There are musicians who love rocking out in a band and there are those who choose to be surrounded by electronics. Then there are those individuals who transition from one approach to the other, nearly abandoning their old organic ways in favour of a new fresh path (and no bandmates to hold hands with, musically speaking). Sonny Moore, for example, was vocalist for the post-hardcore band From First To Last and released two albums until he decided to pursue electronica and dubstep. Today, he has 8 Grammy Awards under his current guise: Skrillex.
Migi De Belen is, in a sense, a kindred spirit of Moore. As Nights Of Rizal, he explores electronic textures and looping in contrast to his previous stint as a funk/rock vocalist for Splitcide. Nights Of Rizal is featured on our newest episode of BillboardPH On Record.
De Belen explains what his venture is all about and why he decided to be a one-person band.
Who/What is Nights of Rizal?
Nights of Rizal is a solo production and live act. As a singer-songwriter I started out as lead vocalist of a funk-rock band (named Splitcide), then later became a solo guitar-based performer (eventually becoming part of the 1st ever Elements National Songwriting Camp), then out of necessity I switched to a laptop and DAW (later joining forces with local beats playground BuwanBuwan Collective). Only 2-3 years into electronic music production did I begin adding vocal parts to the beats.
How do you describe your music?
The way the music is made informs not just the sound quality of the work but also how I approach writing a song. It’s DIY, there’s a lot of looping, cutting and pasting. I use a lot of cheap/freeware virtual synths and drum machines. Despite the use of technology the sound is quite raw. It’s not dance music for big room clubs, rather it’s for grooving in your bedroom with your headphones on, eyes closed after a long day at work. Genres could be anything, but my approach is to approximate (using my DIY tools) the electronic music I like listening to: house, wonky, LA beats, UK garage, dubstep, drum and bass, trap, chillwave…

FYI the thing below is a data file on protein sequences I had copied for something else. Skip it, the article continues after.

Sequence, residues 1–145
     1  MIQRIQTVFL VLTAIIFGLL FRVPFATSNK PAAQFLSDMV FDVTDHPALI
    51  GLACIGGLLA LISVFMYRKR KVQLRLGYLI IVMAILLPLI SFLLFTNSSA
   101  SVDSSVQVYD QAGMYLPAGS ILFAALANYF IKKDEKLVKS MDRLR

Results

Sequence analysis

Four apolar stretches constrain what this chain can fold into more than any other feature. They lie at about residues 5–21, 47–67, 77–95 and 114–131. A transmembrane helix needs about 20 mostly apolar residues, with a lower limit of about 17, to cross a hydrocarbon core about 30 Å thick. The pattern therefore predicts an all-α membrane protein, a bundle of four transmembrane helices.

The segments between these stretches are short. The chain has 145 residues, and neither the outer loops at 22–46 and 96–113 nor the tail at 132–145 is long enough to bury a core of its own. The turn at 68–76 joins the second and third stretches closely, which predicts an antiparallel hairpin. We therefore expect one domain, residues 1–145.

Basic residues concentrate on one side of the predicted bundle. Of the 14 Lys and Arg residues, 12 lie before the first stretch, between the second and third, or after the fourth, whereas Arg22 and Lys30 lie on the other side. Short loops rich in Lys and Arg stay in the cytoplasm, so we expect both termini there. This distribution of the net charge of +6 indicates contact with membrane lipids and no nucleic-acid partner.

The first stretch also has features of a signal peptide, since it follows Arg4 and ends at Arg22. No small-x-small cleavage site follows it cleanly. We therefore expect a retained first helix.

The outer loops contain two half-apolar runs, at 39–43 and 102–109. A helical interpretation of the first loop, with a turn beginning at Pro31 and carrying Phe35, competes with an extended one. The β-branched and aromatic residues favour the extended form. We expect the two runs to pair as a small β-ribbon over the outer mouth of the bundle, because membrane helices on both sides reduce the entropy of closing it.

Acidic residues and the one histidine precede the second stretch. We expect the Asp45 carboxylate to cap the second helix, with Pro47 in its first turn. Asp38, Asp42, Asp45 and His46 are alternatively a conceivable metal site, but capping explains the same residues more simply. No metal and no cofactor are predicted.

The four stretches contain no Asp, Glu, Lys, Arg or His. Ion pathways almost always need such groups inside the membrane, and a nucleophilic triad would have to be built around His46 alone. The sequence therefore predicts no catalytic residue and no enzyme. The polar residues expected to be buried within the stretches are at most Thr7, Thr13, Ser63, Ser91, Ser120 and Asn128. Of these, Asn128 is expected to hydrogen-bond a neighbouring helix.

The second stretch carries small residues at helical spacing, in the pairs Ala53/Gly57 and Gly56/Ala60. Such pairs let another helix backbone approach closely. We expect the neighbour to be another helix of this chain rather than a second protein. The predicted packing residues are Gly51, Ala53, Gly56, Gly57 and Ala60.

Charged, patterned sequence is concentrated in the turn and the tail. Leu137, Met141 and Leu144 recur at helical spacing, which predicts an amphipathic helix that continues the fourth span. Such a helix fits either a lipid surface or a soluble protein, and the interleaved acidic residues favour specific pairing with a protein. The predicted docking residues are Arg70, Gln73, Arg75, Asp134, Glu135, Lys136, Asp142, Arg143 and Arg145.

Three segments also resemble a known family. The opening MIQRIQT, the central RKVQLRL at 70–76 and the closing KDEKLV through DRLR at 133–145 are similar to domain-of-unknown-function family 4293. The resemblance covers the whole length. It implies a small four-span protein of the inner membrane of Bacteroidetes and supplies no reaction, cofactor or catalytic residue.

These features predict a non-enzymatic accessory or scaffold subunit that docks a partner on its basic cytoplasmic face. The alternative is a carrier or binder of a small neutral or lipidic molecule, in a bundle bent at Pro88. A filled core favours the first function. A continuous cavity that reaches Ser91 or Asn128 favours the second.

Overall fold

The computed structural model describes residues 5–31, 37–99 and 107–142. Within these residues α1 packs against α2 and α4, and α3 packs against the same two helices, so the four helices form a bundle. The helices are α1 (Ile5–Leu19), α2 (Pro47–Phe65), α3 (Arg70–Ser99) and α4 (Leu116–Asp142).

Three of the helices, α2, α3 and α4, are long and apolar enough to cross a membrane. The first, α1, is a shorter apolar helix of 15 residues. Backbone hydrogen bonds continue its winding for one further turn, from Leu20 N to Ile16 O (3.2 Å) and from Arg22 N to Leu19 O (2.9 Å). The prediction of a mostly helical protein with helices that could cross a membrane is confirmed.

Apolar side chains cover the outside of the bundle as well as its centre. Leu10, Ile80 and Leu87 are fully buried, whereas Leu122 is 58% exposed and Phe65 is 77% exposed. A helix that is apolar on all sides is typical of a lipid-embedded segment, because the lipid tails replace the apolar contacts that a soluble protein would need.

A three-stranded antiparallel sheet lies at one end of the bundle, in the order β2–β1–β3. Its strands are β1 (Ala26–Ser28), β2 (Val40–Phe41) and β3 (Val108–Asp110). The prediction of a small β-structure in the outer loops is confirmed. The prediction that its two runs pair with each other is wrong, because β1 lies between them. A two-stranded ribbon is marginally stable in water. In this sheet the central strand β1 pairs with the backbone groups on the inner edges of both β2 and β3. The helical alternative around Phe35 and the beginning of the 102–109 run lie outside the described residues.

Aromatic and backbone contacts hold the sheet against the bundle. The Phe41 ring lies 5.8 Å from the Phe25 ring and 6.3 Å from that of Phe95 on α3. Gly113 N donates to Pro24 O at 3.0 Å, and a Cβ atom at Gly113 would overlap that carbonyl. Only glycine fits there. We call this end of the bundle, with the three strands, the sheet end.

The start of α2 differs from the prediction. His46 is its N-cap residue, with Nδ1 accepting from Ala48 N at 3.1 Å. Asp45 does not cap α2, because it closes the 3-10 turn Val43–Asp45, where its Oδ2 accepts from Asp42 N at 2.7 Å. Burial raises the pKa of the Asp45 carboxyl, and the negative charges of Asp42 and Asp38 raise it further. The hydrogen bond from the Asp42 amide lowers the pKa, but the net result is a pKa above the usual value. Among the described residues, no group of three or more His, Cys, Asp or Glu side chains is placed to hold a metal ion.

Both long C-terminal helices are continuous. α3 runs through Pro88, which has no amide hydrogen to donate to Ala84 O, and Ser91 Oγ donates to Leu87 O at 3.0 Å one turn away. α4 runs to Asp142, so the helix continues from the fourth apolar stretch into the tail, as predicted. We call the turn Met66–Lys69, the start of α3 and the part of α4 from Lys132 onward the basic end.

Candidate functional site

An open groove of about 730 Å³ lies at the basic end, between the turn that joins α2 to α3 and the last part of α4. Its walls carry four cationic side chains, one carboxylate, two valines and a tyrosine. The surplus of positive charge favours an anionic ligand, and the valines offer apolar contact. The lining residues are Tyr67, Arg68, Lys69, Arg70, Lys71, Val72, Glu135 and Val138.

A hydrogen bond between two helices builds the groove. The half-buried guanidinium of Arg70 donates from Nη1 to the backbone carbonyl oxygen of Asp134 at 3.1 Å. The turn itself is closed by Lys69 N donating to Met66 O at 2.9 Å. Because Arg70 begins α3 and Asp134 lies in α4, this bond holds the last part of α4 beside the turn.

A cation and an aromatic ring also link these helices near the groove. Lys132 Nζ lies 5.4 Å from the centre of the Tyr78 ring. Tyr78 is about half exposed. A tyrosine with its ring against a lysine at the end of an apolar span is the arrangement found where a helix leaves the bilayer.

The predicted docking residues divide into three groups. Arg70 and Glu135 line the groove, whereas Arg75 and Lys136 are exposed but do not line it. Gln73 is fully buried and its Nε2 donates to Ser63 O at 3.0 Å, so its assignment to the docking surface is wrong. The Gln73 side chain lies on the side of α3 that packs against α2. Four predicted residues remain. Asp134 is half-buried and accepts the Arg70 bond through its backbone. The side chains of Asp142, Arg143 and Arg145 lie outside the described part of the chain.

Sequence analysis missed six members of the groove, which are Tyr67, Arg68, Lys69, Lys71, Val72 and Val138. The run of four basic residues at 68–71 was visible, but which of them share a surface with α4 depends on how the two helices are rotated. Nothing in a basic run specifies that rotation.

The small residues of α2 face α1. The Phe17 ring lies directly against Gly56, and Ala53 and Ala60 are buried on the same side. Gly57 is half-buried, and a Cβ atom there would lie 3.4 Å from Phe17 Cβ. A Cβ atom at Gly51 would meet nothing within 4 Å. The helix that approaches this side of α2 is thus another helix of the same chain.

How did you discover electronic music?
I would always listen to electronic music for reference since I used to play a lot of funk rock. At the time rock acts like Incubus were incorporating electronic elements in their sound meanwhile electronic acts like Prodigy and The Chemical Brothers were doing electronica with a rock approach. But in terms of actually writing electronic music, I found myself in a situation where I couldn’t get my hands on a guitar. All I had was my laptop, and my roommate (Malaysian beatmaker Adam Kasturi) happened to have a copy of FL Studio. Out of desperation, and with only a typing keyboard and trackpad, I began churning out my first beats.
What have you released so far?
I’ve been posting sketches, previews, and remixes (notably for Ourselves The Elves and Ang Bandang Shirley) on soundcloud.com/nightsofrizal. I also made public my first ever short film score via nightsofrizal.bandcamp.com. So far I’ve released two EPs, Collected Beats (2011) and Karma Zero (2013), the latter being named number 1 EP of 2012 by a certain popular local music blog.
I am working on a double EP titled summer/salt to be released in two parts, on the 2nd and 3rd quarters of 2017. Though the tracks will be available online, the artwork and design will play a big role in how listeners would enjoy the music. summer/salt will also be supplemented by at least two music videos.